The Buddhist orientation of homosexuality

by Justin Whitaker, Missoula, MT (USA), The Buddhist Channel, Sept 29, 2005

In response to Patricia's letter: "The Dalai Lama and homosexuality" I hope to make a clarification or two.

First of all, it is quite mistaken to call His Holiness the Dalai Lama anything even resembling a "Buddhist fundamentalist" as the Tucson organizers apparently have.  In fact the Dalai Lama has become a strong voice of ecumenism both in the world and amongst Tibetan Buddhist sects. One major incident in his ecumenism was his disavowal of Dorje Shugden, a 'protector deity' of the Geluk sect with a particularly divisive and anti-Nyingma (another sect of Tibetan Buddhism) history.  In doing this he opened the way to be a spokesman for all Tibetans in exile, while facing a good deal of discontent from more traditional Geluk monks.

Saying that HH provides "the deepest, purest transmission of dharma teachings," while not as clearly false as the prior claim, is simplistic and open to debate at best. 

He is a spokesman for the Tibetan people, a brilliant scholar of Tibetan Buddhism within the Geluk tradition, a man of unquestionable warmth and compassion, and so much more.  All of this is very obvious, so I don't know why superlatives (which are always open to question) such as 'deepest' and 'purest' need to be used when describing him.

Second, the word 'sin' should be used only ever so delicately in any discussion of Buddhism.  There is no word equivalent to 'sin' in Tibetan or Sanskrit.  What does exist are terms like 'unskillful or unwholesome' and 'defilement'.  I think Patricia is write to say that the press release went too far here trying to portray the Dalai Lama as an 'authentic Tibetan Lama'. 

The views on homosexuality in the history of Buddhism have often varied with different cultures and social circumstances, just as the views on war and monastic ideas have.

Buddhists will agree that homosexual orientation is determined prior to birth, but that doesn't mean the homosexual is off the hook.  Like the rest of us born in samsara, we're here, with our particular traits, because we didn't manage to get enlightened in our last life.  We screwed up, at least to some extent, given that we are not bodhisattvas who have chosen such a rebirth, and now we once again must try to make good on our potential to become such bodhisattvas.

That said, homosexuality is a very complex issue in Buddhism.  First of all, in India in the time of the Buddha the ideal for both sexes was strict celibacy for monks and nuns on the one hand, and living out an upright family life for the laity on the other. 

Homosexuals were thus problematic for both groups and rules were set forth curtailing their behavior insofar as they wished to be associated with the Buddhist community.  But at the same time, a number of very similar rules were expounded to curtail heterosexual behavior which might upset the delicate balance of the monastic or lay lives.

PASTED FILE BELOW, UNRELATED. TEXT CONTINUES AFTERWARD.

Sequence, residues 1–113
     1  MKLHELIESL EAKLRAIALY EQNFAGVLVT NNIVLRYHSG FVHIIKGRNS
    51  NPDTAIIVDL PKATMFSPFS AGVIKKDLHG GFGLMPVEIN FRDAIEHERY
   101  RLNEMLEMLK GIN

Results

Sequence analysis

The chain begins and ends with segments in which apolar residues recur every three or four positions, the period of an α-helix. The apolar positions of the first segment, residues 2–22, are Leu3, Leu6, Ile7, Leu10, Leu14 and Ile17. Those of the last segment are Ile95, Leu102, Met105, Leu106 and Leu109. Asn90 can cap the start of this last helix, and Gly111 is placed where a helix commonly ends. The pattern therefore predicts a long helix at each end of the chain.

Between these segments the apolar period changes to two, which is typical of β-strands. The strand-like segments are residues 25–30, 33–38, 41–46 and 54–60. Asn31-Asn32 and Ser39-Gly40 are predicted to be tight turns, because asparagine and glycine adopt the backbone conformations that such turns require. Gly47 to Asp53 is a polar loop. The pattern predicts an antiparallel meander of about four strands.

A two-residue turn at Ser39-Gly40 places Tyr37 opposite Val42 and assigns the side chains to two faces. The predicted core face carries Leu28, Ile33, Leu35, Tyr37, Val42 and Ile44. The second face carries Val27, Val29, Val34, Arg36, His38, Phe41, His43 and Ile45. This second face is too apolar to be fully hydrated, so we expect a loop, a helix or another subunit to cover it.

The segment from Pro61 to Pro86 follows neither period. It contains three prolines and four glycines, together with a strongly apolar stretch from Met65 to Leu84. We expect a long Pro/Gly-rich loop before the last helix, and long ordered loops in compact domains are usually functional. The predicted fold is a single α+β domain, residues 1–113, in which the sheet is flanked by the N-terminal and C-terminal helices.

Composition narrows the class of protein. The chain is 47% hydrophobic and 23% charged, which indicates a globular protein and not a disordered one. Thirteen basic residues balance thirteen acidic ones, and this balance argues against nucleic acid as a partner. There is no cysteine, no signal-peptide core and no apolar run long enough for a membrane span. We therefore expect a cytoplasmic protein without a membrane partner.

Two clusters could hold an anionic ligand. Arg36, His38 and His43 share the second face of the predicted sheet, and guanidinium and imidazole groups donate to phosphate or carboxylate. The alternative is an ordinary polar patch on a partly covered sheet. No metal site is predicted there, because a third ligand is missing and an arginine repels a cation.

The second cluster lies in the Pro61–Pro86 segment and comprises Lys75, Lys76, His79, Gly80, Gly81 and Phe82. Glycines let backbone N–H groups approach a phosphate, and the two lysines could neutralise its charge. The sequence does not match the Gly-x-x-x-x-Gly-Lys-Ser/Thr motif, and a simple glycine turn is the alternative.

Later, in Tibet, homosexuals were seen quite negatively by the people, and most were confined to the life of lDab ldobs, monks assigned to menial tasks of the monasteries. Here, however, they lived out good lives, provided they didn't get caught messing around with the novices (as some apparently did), and those who followed the rules were valued for their honesty and could doubtless look forward to a good rebirth.

Tibetan Buddhism generally bans homosexual activity, while not condemning the homosexual himself (I have heard nothing of lesbians). But also banned is any heterosexual anal or oral sex.  So there is the emphasis of sex being a means for reproduction and as otherwise to be avoided.  This, obviously, is different from our 'free love' and open sexuality of the modern West.

At present, there are a variety of Buddhist views on homosexuality, ranging from exclusively gay sanghas to the more traditional anti-sexuality as a whole. 

Westerners especially are working to create a healthy understanding of homosexuality in Buddhist practice.  For instance, the FWBO (Friends of the Western Buddhist Order) openly encouraged homosexuality between order members for some years, thinking that it would create stronger community bonds and break the social conditioning of Western heterosexuality.  But it led to many unhealthy relationships of its own, and the FWBO has since moved to an orientation-neutral position and advocacy of the ideal of celibacy.

I thank you, Patricia, for your letter, and hope that I might have shed some light on the issues you brought up.  I'm glad you brought up the press release and I hope that the organizers might retract the statements you mention and perhaps apologize for misunderstandings which followed from them. 

While I would never expect unqualified acceptance of homosexuality from His Holiness, in a 1997 article, it is mentioned that:

"His Holiness was greatly concerned by reports made available to him regarding violence and discrimination against gay and lesbian people. His Holiness opposes violence and discrimination based on sexual orientation. He urges respect, tolerance, compassion, and the full recognition of human rights for all," said Office of Tibet spokesman Dawa Tsering.."  (

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